You cannot give a woman a budget and a year of lead time and not expect some papercraft all up in this piece. Thus the origami escort cards.
(There is also a tale of venue snafu and caboose-saving, but it must wait for another day.)
The origami will fit just fine in place card holders. I knew I wanted to display mine vertically, since table space was limited.
So when our duplex-mates attempted to throw out a mirror frame, I was all like, “Nuh-uh, you are getting repurposed as heck.” Me and the groom picked out some soft green paint, and over the next couple of days I primed and painted the frame in the driveway, leaving plenty of distance from cars and using ample drop cloth to keep our landlords from murdering me.
Apparently I was too excited to take process photos. Be assured it was as gripping as spray-painting a wooden frame can be. Here is a photo of the finished product instead:
Knowing we had about 70 guests, I got my tape measure and made marks for twelve evenly-spaced rows. I figured I’d staple-gun ribbon in a grid and clip the escort cards to the ribbon with tiny clothespins.
Once I saw the grid and its space limitations, I realized each card couldn’t be more than two inches wide. Maybe they could be more vertical?
They’d end up looking something like shirts on a line.
Origami Escort Cards
I knew origami shirts existed. Maybe I could do dresses for the ladies? Is it OK to enforce a gender binary if it’s super cute?
I don’t know. But I decided to do it.
I used these common dollar-bill origami shirt instructions and these less common Inklings and Yarns dress directions derived from a video tutorial by How About Orange. The patterns turned out to be simple and pretty easy to pump out.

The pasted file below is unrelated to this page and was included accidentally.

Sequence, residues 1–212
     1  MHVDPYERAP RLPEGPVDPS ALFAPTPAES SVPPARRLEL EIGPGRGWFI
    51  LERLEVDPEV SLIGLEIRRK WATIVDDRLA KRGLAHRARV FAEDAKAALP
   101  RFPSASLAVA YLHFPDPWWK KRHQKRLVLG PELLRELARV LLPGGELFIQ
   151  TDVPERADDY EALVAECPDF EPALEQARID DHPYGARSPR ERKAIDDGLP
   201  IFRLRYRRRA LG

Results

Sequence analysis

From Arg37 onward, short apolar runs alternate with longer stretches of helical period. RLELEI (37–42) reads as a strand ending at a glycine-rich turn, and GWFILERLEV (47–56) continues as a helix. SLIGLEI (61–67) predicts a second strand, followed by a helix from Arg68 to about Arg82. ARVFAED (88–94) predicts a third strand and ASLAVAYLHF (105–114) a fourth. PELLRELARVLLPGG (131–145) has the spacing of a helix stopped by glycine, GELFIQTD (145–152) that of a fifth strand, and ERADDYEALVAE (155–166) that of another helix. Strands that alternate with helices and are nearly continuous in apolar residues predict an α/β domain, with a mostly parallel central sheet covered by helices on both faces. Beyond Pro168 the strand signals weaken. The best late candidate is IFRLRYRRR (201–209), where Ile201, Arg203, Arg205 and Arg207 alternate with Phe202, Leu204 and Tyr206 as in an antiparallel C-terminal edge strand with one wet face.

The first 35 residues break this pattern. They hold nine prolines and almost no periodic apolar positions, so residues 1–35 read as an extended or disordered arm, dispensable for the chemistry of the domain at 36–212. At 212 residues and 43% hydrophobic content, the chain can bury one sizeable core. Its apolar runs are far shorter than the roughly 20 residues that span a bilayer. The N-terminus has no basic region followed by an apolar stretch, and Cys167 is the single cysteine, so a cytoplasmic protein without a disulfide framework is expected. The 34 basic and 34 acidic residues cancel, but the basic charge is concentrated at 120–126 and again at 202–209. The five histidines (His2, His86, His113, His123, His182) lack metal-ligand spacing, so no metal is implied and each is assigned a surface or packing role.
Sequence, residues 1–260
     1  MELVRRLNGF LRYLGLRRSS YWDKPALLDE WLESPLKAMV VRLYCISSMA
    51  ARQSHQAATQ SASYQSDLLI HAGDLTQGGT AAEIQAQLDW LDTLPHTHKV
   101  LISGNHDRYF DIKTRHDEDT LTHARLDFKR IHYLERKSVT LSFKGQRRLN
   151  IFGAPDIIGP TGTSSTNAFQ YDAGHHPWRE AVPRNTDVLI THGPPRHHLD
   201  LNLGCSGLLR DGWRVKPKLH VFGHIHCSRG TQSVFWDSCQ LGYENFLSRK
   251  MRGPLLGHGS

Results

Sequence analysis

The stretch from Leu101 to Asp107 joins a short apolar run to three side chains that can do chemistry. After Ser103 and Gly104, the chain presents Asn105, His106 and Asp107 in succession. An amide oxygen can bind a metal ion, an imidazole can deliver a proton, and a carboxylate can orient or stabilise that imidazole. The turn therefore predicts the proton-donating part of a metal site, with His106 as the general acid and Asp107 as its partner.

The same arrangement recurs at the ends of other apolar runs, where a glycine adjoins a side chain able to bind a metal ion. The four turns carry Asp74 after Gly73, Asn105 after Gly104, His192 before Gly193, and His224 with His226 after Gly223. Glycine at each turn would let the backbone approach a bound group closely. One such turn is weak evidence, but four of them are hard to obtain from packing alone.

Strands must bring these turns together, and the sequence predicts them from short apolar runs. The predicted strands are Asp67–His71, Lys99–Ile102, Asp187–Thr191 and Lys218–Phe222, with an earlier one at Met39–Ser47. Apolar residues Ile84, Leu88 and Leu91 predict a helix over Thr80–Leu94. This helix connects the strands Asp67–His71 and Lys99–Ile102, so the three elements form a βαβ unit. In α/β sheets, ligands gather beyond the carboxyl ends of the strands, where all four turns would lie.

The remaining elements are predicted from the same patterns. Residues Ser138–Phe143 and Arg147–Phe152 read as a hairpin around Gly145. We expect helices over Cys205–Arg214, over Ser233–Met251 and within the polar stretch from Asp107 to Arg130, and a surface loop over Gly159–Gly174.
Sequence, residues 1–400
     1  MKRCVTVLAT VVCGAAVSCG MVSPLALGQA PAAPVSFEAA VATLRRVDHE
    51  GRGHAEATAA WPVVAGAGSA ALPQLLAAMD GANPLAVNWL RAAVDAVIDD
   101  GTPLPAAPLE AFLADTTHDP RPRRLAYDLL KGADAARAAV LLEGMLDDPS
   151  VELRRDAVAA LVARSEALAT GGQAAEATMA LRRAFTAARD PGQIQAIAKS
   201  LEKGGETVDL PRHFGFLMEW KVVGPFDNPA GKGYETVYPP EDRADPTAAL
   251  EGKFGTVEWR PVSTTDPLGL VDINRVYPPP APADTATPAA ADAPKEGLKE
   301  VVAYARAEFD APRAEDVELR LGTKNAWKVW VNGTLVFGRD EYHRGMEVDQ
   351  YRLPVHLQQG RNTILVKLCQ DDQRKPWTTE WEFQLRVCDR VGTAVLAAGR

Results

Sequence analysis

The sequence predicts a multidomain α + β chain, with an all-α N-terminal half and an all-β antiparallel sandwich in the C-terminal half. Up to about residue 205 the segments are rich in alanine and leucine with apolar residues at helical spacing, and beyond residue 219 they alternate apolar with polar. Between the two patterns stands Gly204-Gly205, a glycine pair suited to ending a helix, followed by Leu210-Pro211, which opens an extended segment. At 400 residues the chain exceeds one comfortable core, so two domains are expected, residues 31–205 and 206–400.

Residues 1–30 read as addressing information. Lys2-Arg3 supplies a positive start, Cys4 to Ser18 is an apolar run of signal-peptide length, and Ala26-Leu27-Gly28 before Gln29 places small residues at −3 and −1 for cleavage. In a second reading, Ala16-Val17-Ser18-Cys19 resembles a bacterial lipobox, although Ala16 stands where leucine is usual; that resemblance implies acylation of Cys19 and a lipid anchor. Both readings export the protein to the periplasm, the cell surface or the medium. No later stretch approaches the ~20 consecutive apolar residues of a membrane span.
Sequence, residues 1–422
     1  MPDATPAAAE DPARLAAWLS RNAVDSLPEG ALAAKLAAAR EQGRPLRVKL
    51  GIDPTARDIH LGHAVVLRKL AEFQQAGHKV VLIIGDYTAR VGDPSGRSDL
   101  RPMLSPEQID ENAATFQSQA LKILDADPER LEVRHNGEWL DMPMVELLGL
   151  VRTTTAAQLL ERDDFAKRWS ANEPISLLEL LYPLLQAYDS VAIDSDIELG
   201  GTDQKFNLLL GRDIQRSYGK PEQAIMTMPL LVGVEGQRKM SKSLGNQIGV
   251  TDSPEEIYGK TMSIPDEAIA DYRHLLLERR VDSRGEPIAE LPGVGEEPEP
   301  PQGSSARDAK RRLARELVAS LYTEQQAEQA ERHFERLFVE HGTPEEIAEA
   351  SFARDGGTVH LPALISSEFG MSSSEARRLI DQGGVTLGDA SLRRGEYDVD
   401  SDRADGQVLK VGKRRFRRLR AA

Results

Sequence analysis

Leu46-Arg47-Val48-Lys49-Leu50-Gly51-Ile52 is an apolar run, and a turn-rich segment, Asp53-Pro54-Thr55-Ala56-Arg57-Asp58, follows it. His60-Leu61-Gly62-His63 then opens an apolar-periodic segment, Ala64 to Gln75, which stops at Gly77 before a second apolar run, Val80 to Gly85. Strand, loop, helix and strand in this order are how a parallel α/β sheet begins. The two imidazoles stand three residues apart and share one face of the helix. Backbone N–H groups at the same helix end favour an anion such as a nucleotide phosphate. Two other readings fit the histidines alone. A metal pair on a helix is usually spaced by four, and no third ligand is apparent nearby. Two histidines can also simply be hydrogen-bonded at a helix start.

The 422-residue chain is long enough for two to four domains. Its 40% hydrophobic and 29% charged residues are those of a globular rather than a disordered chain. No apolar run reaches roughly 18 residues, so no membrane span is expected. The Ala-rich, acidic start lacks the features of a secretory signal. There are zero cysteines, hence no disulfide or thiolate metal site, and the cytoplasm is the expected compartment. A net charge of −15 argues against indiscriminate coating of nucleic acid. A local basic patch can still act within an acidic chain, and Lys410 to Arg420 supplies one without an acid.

The trick was getting paper the right size. The shirt folds down much smaller than the dress. I ended up using 4″ x 4″ (10 cm x 10 cm) paper for the dress and 6″ x 3″ (15.24 cm x 7.62 cm) paper for the shirts.
Yes, I had to cut down many pieces of nice washi paper to get the right size for the dresses. No, I couldn’t figure anything to do with the excess.
It took three or four hours of folding, which goes great with a season of Better Off Ted.
Using an extra-fine Sharpie pen, I wrote names on the front and the table numbers on the back. Even with the permanent marker, until the ink dried it was possible to smear them, so I had to take care and not rush. Also, your hand can tell when you’re trying to write carefully and will make you skip consonants at every opportunity.
I hung all the cards alphabetically by last name. Then I wrapped the frame in garbage bags and strapping tape until it was nice and secure. It made the journey to the wedding intact — unless I only think that because someone saved my bacon without my knowledge, which is very possible.
When I got to the reception and found that two clever guests launched a trend of wearing the escort cards as nametags!
It was a rad bonus and a double hoot. I recommend it!